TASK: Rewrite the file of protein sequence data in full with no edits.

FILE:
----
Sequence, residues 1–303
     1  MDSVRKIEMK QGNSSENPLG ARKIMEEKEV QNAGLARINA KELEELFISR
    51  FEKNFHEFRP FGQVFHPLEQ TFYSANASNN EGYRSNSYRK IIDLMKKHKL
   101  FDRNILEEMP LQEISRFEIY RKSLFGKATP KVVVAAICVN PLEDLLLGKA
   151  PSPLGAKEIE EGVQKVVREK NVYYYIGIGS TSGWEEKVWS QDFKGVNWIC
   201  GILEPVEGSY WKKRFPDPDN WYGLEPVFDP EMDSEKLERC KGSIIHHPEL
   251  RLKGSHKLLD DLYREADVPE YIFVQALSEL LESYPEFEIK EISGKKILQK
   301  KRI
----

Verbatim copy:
Sequence, residues 1–303
     1  MDSVRKIEMK QGNSSENPLG ARKIMEEKEV QNAGLARINA KELEELFISR
    51  FEKNFHEFRP FGQVFHPLEQ TFYSANASNN EGYRSNSYRK IIDLMKKHKL
   101  FDRNILEEMP LQEISRFEIY RKSLFGKATP KVVVAAICVN PLEDLLLGKA
   151  PSPLGAKEIE EGVQKVVREK NVYYYIGIGS TSGWEEKVWS QDFKGVNWIC
   201  GILEPVEGSY WKKRFPDPDN WYGLEPVFDP EMDSEKLERC KGSIIHHPEL
   251  RLKGSHKLLD DLYREADVPE YIFVQALSEL LESYPEFEIK EISGKKILQK
   301  KRI